Indigo Girls – Poseidon and the Bitter Bug (2009, Vanguard)
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To a 19-year-old roiling with existential crises, the Indigo Girls’ major label debut was the perfect soundtrack for indulgent hours of delicious angst and sweet inner torment. “Love’s Recovery,” “Kid Fears,” “History of Us”Á¢€”I can’t hear any of them without recalling long, depressing walks around the small town I lived in at the time, thinking about how depressed I was and how long I’d been walking, and Jesus Christ this town is small. They were the musical rain puddles I could sit in seemingly forever, emerging after repeated plays, shivering and soggy-bottomed, but knowing I had heard in the poetry and harmony and playing a sound and sentiment that perfectly complimented my prematurely bleak outlook on life.
Not much later, I discovered vodka, which more or less took care of my existential crises, but I nevertheless kept up with the Indigo Girls for a number of years and albums, enjoying their triumphs (all of Rites of Passage and most of Swamp Ophelia) and shaking my head at their failures (“Touch Me Fall” the most notable). They fell off my radar, but have reappeared on it with a fine new album, Poseidon and the Bitter Bug. Odd as it seems, 20 years after I discovered them, they have made an album that genuinely speaks to me, whose sentiments I understand without giving into the embarrassingly dour mindset that once plagued me.
Loathe though I am to admit this, as I approach 40, I find myself looking back on good times and unholy humiliations alike with a modicum of nostalgia, in spite of myself.Á‚ Several of Amy Ray’s tracks take that look back to childhood and adolescence with equal parts wistfulness and regret. “Driver Education” (originally recorded on her solo album Prom) attaches a coming of age romances to a collection of sensory details:
I fell for guys who tried to commit suicide
With soft rock hair and blood shot eyes
He tastes like Marlboro cigarettes, Reese’s Peanut Butter Cups
A Pepsi in his hand, getting off the school bus
She progresses through lovers of the more recent past (“tattooed girls with a past they can’t remember”) circling back around to growing up:
I ran for miles through the suburbs of the seventies
Pollen dust and Pixie sticks, kissing in the deep end
Of swimming pools before I knew what’s in there
We come into this life waterlogged and tender
“Ghost of the Gang” picks up the thread from the other end of life, a present littered with lost friends and a reticence to reconnect after too many years separated and silent. Word of a friend’s nephew’s deathÁ¢€”a “mid-day suicide after a losing streak”Á¢€”brings the protagonist to the brink of that reconnection, but she can’t bring herself to do it:
And I never called her to say I’m sorry
And my friend it’s been years
But I’m thinking about you and all of the tears
And I’m sitting here in the dark afraid to make a stupid call
This isn’t The Big Chill, where bad news brings you together again in cloying and sentimental fashion; it’s something akin to reality, where bad news leads to regret over letting good friends slip away.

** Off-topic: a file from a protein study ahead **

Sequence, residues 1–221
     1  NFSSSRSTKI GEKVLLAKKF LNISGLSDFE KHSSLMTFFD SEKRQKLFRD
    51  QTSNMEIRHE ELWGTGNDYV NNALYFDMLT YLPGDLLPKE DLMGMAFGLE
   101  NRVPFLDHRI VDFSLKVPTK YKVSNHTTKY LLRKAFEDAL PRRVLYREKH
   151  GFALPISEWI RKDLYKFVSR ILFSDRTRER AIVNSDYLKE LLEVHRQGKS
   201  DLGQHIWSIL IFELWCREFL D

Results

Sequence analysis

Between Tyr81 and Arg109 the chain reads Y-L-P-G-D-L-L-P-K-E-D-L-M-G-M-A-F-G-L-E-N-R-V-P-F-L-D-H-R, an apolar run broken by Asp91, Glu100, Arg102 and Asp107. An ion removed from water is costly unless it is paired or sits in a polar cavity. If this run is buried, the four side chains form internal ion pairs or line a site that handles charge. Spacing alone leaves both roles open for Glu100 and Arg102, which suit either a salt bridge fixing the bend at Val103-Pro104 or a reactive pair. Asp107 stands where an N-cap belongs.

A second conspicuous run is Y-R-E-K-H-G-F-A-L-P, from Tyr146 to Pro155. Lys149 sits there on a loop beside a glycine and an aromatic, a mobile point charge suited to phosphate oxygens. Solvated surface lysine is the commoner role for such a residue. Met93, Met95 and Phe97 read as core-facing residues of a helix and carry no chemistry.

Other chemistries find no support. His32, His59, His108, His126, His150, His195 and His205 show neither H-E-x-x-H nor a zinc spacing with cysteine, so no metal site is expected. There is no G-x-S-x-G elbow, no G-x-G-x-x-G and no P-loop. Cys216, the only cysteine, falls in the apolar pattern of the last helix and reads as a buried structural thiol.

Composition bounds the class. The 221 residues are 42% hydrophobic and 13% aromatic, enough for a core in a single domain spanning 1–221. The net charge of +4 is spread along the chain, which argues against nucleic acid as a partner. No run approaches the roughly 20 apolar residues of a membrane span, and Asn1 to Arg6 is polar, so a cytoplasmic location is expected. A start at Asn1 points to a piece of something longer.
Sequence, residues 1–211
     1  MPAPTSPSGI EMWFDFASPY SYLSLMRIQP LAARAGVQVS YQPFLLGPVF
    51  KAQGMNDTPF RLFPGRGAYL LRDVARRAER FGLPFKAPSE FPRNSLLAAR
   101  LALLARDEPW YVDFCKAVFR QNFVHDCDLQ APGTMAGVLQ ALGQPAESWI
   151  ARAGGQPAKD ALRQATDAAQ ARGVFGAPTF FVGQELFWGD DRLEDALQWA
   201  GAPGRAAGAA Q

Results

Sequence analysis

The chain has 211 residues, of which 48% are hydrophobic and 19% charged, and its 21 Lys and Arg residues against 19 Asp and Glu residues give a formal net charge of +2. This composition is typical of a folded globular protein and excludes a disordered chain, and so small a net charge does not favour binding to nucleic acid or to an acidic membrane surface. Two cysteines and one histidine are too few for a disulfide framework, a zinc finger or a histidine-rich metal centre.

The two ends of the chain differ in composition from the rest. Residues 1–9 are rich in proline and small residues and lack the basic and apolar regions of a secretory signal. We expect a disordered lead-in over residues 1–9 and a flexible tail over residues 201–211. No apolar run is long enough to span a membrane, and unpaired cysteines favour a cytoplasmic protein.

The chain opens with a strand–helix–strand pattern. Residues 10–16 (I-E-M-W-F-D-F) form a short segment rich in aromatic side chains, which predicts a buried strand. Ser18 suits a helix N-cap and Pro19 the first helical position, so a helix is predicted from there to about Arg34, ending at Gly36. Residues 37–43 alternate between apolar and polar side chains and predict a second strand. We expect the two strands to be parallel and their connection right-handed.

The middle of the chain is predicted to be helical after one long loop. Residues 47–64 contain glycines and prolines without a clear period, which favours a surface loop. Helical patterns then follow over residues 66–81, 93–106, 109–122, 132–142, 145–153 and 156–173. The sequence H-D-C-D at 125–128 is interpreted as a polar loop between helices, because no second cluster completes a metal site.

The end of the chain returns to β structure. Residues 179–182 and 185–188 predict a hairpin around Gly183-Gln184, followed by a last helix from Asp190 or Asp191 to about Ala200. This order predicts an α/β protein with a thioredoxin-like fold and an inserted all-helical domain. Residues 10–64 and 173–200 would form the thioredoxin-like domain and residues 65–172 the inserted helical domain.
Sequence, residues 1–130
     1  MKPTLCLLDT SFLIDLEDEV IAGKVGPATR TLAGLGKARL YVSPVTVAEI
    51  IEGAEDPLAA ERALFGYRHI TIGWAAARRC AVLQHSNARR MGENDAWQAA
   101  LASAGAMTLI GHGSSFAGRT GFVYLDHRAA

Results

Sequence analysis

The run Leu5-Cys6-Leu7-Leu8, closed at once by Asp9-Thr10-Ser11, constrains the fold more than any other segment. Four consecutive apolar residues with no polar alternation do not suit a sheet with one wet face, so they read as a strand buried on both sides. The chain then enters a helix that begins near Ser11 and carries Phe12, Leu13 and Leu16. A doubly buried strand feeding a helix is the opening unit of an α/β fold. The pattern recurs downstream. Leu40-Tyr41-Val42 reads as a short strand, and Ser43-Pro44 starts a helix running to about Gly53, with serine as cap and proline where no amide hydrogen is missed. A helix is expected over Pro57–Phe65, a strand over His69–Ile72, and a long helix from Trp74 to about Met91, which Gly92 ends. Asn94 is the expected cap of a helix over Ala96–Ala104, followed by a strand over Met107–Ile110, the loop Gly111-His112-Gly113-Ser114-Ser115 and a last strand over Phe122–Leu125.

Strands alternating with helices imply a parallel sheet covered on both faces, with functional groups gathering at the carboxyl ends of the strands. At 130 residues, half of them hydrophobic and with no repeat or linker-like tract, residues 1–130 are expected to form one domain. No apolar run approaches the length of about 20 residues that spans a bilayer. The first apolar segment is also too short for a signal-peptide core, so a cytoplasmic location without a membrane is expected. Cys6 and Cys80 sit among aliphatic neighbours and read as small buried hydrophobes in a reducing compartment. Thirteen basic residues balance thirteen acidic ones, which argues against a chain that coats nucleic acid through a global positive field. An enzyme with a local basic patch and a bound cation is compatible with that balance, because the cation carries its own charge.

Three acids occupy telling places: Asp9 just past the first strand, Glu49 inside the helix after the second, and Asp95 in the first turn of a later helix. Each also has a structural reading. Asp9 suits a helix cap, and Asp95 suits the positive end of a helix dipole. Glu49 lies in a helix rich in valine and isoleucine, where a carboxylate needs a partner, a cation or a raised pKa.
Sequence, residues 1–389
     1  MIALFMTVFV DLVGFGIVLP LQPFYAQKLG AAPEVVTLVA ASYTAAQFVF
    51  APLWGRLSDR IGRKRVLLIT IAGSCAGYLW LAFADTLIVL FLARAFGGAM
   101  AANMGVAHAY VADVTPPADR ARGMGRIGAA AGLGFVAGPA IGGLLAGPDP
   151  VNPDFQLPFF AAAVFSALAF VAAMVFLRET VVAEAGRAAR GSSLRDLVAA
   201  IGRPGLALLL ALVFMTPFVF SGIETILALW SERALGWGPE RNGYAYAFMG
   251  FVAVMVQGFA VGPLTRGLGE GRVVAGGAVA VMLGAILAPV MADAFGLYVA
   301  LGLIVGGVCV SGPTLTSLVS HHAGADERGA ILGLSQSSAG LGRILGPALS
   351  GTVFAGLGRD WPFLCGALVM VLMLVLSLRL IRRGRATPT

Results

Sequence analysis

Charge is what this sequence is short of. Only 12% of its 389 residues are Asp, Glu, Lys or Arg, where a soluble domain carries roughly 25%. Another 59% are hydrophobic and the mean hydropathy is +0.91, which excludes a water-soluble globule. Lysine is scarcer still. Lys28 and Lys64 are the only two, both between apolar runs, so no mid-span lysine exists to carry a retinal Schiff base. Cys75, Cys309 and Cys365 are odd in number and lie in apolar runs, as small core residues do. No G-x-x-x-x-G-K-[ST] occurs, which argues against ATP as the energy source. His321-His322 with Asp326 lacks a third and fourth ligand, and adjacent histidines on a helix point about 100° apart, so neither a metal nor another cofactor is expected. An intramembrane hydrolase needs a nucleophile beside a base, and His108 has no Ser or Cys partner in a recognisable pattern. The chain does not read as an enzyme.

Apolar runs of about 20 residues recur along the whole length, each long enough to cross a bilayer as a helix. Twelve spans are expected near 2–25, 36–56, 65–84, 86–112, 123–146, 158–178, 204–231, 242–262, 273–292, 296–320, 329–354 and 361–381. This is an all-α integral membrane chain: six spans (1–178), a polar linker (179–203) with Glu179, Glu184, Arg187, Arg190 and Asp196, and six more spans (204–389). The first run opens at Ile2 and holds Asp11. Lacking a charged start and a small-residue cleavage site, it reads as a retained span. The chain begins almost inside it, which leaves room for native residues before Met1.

If Ray focuses on looking back, Emily Saliers is more content to look around. The gorgeous “Fleet of Hope” nestles within its shimmering acoustic setting a deceptively profound scene:
The fisherman comes up, puts his two poles in the sand
He stares out at the sea, just exactly like me
But I’ve got a book in my hand
We will have caught on to something by the end of the day
But mostly we think about the one that got away
It’s a simple image Á¢€” beach at sunup, two people ruminating. That final line, though, when delivered in Saliers’ buttery voice, is absolutely devastating, enabling the song to set sail with its central symbolic note, of water simultaneously representing impermanence and strength. Elsewhere, she conjures a chill autumn scene for “I’ll Change,” punctuating an acknowledgement of her failures with a pledge to get better: “One day I’ll change,” she sings, “You’ll be the first one that I call Á¢€¦ I’ve been running long before I learned to crawl.”
Of course, Ray has no trouble wading into the bloody waters of relationships gone sideways. “Second Time Around” lifts its guitar signature from Dylan’s “Tangled Up in Blue,” and its weary bitterness from “If You See Her Say Hello.” Over the languid pace of the music, she instructs her lover to avoid compromise: “Don’t do it if it hurts inside / Cuz either way you’re screwed.” By song’s end, she’s up for anything that will make her feel better, imploring her beloved to join her to see Loretta Lynn sing, to “kick up our heels and join in.” There is life after disappointment, comfort to be felt, and fun to be had.
The music is typical of the duo’s modus operandiÁ¢€”acoustic guitars spiked with electric flourishes and real, live percussion. A special edition of Poseidon contains a bonus acoustic disc, which is pleasant but inessential (as is the extra track on the disc, a rambling fireside tune called “Salty South”).
I might not feel these songs as deeply as I felt their work in 1989 (I’m a good 20 years past my last bout with teenage angst), but I recognize and appreciate their depth and tone, the beauty of their words and wisdom of their sentiments. It’s good to have these voices back in my head again.